Investing in scholarships enables students like Autumn to achieve their dreams, and supports a stronger class of graduates from Arizona Law.  

 

IRA Charitable Transfers for 2014

 

For all of our donors 70 and older, you may be able to take advantage of a recent change in legislation and make a charitable gift directly from your IRA before December 31, 2014. Last evening, the Senate passed the Tax Extenders Bill 76-16. The President is expected to sign the bill into law. See this Washington Post article for more information.  

 

The window of opportunity to take advantage of this change is very short; the extension will be retroactive to January 1, 2014, but it will expire on December 31, 2014.  

 

The transfer can count as part of the required minimum withdrawal that most IRA owners 70 and older must take annually.

 

If you are interested in making a gift from your IRA, please contact Jonelle Vold or 520-621-8430.

 

FOOTNOTES

 

Students, staff, and members of the Arizona Law community collected toys and gifts for families affiliated with the Child and Family Law Clinic. Here are a few of the heartwarming moments of student-attorneys delivering gifts that make the holiday season all worthwhile.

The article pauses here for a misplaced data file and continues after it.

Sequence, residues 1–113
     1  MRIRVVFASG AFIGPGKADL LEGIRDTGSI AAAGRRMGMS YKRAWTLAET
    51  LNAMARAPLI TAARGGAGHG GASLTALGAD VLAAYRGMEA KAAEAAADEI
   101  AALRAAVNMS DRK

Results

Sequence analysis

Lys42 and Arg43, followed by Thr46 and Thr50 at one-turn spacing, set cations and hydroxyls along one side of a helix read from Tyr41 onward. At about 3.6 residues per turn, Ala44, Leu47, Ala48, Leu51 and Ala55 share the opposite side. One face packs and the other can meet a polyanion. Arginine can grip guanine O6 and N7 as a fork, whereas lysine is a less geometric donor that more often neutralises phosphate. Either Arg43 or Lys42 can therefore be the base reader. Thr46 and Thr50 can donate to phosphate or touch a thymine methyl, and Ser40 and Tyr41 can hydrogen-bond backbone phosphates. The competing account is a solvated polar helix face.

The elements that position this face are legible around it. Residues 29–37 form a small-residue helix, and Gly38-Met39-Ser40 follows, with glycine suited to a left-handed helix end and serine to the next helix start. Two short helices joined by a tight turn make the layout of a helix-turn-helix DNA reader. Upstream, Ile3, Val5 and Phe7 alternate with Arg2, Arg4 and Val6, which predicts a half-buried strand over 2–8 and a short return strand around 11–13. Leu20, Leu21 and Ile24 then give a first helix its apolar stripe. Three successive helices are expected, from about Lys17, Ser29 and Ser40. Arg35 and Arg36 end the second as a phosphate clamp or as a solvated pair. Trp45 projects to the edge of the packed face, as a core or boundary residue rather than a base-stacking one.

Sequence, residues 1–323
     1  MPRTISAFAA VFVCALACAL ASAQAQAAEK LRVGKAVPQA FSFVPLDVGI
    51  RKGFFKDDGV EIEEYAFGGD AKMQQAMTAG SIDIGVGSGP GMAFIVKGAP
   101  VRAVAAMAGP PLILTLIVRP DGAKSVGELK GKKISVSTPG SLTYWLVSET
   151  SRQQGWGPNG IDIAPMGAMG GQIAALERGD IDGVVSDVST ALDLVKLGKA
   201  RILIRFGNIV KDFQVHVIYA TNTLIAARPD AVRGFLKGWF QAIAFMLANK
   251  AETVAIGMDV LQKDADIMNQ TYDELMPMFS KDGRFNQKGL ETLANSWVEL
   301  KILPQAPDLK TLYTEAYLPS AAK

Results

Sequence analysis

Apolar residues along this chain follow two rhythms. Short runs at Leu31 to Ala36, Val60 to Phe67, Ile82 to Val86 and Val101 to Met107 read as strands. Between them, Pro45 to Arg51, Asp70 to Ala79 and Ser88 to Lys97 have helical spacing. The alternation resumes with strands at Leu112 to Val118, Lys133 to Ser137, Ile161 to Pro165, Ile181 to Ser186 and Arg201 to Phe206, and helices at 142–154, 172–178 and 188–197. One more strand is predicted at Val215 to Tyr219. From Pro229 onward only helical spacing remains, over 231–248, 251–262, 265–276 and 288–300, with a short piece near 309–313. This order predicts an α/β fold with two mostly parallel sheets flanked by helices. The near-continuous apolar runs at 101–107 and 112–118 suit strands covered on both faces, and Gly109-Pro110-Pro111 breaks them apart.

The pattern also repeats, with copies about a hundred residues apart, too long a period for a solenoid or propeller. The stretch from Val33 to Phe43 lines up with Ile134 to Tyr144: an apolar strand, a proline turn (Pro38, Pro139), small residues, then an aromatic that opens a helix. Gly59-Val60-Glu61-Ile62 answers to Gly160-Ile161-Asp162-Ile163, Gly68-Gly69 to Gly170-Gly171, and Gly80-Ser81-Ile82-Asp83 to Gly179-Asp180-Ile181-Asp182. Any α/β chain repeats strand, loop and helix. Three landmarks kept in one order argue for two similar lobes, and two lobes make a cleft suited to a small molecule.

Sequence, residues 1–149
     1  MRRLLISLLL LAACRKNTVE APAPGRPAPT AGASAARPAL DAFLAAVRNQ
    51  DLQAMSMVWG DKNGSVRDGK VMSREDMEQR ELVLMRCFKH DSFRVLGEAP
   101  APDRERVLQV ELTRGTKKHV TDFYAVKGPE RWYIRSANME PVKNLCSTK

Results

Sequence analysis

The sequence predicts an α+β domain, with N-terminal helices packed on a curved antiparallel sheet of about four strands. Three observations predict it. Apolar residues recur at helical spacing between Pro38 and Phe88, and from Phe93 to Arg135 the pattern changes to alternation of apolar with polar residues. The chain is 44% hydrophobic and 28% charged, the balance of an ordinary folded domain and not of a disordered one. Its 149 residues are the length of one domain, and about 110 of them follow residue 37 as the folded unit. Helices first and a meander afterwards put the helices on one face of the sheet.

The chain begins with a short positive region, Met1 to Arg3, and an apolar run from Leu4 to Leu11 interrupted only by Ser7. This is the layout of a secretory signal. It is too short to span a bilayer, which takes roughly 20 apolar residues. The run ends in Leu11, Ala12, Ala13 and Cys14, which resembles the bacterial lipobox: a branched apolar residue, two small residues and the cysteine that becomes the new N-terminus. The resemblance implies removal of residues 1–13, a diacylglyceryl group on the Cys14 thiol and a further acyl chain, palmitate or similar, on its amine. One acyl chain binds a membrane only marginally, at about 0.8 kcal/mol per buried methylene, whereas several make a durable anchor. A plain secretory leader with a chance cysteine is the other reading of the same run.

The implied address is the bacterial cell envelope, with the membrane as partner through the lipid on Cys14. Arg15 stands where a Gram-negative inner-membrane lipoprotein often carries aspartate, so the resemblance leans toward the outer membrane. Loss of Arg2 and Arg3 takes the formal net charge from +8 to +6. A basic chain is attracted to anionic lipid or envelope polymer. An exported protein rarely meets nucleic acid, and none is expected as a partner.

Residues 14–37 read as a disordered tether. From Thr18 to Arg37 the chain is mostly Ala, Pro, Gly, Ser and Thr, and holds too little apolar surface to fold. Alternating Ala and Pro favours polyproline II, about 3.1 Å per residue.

Never forget that no matter how busy life can be, puppies make everything better! Pet Partners joined us at the law college to help students destress before finals. 

 

 

 

 

 

 

 

Back by popular demand, the Gutter Bowl returns in the spring. Mark your calendars and start practicing now. Special Thanks to Alison Bachus, Jessica Post, Tom Stack, Geoff Balon, Coree Neumeyer, and honorary co-chairs Steve Hirsch and Chas Wirken for planning this event. 

 

SAVE THE DATE: March 4, 2015

 


Again, thank you your support... for the College, for our students, and for our larger community.

 

Thank you for joining us... at our annual lectures, our alumni receptions, our career development workshops, our lecture series, and numerous other events throughout the year. 

 

We take great pride in the lives and work of all of our 7,000 alumni, and hope to maintain and deepen relationships with all of our graduates in this coming Centennial year. 


The Arizona Law community cherishes its roots in a century of providing legal education in Arizona. With your help we will continue to educate, prepare, and place students in a career where they can make a lasting impact on our profession and on our society. 


Join us.
 
 

Warmly, 

 


 

Marc L. Miller  

Dean & Ralph W. Bilby Professor of Law
 
Shaping the next century of legal education